Origins #2 — Trip Back Home
Going back, to go forward.
In this series we are documenting the journey of building DULO, starting from Day 1. Every week we publish a new chapter that takes you behind the scenes of our process. With every article, we want to provide value to you, the reader. We share the success and failures, the opportunities and the challenges that we face while executing our vision.
If you are new, check out our previous post.
We had the idea, but we weren’t quite familiar with the market. Next logical step was to do some research and especially look into shirts that are not made from traditional cotton, but rather synthetic materials.
I want to take a quick detour from the main topic of this post and mention two things that we noticed while doing our research, doing so in a Q&A format (the most concise way I could think of, without having to drop another 1,000 words on you).
Q1. The notion of synthetic fabrics being either inferior to cotton, or more environmentally unfriendly.
A1. They were inferior, years ago. Quality modern synthetic fabrics feel softer on the skin, as well as more comfortable to wear. On the environmental side, when comparing the production cycle of synthetic fabrics VS cotton, in an informed way, turns out the mass production of both equally impacts the environment, actually in many cases cotton having a bigger negative impact. (We’ve saved this topic for a separate post, where we will thoroughly investigate and document it. Do expect.)
Q2. If you wanted a non-iron/hassle free shirt, you can just buy one of the many cotton shirts that are sold under a non-iron label.
A2. Not entirely true. Non-iron cotton shirts are simply cotton shirts, that are chemically altered with a finish coat that initially prevents wrinkles, until washed a few times.
Nevertheless we needed a sample shirt, that we can physically interact with and wear, to even see if such a product is as valuable as it sounded on paper. We ordered some samples from the company that we thought are the current market leader, wore them a few weeks and saw that the product indeed has potential (quality of product execution being the variable) to remove some hassle out of caring and wearing a dress shirt, while keeping the looks.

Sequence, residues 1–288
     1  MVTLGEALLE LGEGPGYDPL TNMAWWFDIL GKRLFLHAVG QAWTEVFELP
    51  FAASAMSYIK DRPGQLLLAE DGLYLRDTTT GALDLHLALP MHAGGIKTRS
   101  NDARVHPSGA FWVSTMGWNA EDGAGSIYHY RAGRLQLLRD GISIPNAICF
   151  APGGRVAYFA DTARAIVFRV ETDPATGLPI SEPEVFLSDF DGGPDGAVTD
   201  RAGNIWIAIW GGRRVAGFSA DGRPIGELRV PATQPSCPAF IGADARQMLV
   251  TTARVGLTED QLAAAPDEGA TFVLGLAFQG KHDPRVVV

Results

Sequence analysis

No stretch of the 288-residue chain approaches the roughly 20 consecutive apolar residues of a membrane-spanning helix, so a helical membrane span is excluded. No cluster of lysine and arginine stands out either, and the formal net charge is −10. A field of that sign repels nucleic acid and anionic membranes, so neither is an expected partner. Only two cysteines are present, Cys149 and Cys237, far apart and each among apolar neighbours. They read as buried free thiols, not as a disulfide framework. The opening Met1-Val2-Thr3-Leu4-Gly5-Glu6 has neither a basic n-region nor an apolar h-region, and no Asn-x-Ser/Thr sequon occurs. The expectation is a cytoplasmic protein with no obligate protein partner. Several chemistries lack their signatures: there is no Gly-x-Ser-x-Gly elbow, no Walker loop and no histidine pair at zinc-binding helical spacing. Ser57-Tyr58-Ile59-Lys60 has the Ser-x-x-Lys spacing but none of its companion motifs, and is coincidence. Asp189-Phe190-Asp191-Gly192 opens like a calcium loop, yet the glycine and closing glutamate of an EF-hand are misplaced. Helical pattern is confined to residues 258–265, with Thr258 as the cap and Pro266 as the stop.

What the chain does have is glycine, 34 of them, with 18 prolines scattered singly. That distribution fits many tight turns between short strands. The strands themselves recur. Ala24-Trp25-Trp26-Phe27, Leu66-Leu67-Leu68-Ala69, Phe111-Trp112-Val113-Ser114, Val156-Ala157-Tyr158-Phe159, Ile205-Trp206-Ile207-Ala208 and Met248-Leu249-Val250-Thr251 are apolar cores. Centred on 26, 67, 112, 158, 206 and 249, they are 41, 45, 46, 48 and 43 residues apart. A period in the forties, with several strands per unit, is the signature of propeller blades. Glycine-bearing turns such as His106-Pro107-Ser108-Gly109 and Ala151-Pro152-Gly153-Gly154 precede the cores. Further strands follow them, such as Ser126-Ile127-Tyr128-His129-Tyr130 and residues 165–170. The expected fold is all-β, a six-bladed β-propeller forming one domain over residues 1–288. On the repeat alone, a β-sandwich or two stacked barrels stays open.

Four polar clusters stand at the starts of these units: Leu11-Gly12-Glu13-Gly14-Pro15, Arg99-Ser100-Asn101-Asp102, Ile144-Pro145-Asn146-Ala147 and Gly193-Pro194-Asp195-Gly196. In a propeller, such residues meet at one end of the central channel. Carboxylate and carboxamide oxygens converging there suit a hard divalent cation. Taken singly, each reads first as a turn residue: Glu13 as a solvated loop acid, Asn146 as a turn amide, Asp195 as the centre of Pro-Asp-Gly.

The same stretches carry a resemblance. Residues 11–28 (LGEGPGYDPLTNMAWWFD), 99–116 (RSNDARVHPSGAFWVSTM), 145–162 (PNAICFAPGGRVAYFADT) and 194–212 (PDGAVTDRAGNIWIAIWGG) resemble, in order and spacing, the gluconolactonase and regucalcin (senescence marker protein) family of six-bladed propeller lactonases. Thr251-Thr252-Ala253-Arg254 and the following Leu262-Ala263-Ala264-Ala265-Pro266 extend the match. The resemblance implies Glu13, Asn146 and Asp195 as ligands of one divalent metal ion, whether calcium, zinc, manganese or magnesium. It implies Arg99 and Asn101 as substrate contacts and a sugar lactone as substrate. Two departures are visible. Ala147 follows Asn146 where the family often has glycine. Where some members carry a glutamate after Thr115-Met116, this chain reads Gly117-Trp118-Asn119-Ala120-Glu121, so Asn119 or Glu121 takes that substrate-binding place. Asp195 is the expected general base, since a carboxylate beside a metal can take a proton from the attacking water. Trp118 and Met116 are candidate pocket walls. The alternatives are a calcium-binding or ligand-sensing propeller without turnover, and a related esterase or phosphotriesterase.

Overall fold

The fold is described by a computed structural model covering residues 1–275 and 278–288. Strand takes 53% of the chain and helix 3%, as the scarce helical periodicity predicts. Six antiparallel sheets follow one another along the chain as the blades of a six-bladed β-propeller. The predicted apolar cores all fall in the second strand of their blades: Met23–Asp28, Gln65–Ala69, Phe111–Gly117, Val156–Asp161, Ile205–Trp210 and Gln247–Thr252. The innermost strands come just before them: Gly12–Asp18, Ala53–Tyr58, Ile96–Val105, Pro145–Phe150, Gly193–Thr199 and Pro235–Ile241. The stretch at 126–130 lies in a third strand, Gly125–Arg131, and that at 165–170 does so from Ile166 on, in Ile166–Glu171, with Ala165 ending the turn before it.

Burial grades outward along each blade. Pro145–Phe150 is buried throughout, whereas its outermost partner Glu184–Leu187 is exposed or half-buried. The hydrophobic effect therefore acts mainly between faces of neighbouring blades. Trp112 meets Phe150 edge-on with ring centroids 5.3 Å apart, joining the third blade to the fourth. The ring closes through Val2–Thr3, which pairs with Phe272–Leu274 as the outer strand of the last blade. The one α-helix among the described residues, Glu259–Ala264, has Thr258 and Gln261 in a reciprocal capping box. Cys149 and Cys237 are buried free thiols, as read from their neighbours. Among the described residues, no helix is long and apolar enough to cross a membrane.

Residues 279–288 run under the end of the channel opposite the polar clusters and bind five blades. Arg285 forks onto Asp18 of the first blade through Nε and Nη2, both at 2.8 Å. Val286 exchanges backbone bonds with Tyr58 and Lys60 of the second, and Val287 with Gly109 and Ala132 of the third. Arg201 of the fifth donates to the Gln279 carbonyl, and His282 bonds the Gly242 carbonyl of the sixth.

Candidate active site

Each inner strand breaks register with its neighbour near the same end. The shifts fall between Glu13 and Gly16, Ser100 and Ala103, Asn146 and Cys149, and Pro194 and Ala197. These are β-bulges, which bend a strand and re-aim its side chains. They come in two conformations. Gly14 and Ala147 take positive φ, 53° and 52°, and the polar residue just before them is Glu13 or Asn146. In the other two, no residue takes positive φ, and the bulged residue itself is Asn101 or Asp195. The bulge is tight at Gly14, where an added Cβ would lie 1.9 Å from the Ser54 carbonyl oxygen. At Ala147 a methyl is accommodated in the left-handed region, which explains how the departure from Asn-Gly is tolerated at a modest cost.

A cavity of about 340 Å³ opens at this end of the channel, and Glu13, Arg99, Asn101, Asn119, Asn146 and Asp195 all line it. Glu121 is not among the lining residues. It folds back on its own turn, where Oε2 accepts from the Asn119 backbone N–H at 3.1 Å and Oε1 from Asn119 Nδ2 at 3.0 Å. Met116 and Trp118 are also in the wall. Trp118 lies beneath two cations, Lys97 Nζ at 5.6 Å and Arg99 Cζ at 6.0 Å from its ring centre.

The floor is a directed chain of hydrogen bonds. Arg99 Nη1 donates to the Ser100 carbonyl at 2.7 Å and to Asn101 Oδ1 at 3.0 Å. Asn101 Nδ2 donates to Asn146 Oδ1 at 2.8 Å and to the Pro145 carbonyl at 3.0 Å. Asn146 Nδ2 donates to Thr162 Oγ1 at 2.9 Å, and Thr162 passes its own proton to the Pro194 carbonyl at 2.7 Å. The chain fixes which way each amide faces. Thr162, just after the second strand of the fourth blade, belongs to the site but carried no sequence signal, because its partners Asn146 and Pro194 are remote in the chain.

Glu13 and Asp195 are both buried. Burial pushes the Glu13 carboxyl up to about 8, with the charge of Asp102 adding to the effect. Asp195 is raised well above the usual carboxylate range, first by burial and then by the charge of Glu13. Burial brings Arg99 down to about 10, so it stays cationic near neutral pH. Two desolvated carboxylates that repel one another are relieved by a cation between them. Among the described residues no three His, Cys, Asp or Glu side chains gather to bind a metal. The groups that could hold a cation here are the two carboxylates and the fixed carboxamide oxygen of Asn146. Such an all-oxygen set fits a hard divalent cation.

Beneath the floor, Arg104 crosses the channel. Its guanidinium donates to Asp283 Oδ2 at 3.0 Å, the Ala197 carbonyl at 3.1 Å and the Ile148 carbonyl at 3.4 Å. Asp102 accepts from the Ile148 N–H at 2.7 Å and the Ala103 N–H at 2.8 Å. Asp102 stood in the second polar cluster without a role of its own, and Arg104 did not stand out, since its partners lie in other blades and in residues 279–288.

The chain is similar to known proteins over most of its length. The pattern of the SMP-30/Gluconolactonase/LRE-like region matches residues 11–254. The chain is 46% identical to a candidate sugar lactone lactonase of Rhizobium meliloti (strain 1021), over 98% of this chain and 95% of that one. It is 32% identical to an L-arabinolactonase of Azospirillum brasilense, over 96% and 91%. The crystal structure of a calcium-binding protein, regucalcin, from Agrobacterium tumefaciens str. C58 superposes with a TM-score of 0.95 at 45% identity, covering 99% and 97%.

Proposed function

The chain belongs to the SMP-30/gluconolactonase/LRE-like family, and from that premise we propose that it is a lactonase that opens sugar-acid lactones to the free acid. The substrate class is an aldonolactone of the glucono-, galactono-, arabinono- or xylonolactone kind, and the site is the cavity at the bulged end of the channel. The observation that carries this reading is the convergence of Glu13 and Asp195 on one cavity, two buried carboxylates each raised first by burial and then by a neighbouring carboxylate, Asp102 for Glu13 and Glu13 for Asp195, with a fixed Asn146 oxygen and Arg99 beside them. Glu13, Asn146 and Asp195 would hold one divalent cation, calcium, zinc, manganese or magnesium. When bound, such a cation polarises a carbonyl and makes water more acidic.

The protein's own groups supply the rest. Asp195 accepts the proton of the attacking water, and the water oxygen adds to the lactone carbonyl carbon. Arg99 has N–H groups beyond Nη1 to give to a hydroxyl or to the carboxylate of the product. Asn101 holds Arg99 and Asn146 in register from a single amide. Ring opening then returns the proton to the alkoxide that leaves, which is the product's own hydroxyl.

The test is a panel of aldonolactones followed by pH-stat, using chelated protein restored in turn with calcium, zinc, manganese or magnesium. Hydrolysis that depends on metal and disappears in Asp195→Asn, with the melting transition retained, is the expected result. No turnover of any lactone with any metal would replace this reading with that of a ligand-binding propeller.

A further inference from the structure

There were some shortcomings of the shirts we received, but we definitely saw that there is an opportunity to improve the experience and provide value to people with similar clothing preferences as ours. Next step was organising an efficient trip back home, where we can show the samples around and see how we can get the whole thing started.
Keep in mind our professional backgrounds were mostly in marketing and IT, with absolutely zero fashion experience, which made the whole idea of starting this even more interesting, challenging and fun.
Funny enough, at that point we didn’t even know who we are meant to reach out to. Is it fabric suppliers, companies that do dress shirts, sport fabric companies, or manufacturers that can take care of the whole supply chain and production?
We approached organising meetings with eventual manufacturers, by going through directories of companies in the textiles industry in Bulgaria and reaching out to every company that had an email address and a website, with a general enquiry about producing dress shirts out of sport fabrics. In total we approached over 60 contacts.
The percentage of replies was not that high, so thankfully we would be able to see nearly all of the ones that replied and seemed appropriate, within the planned week. The schedule was in place, the calendar planned and we were off to see how viable our idea actually was.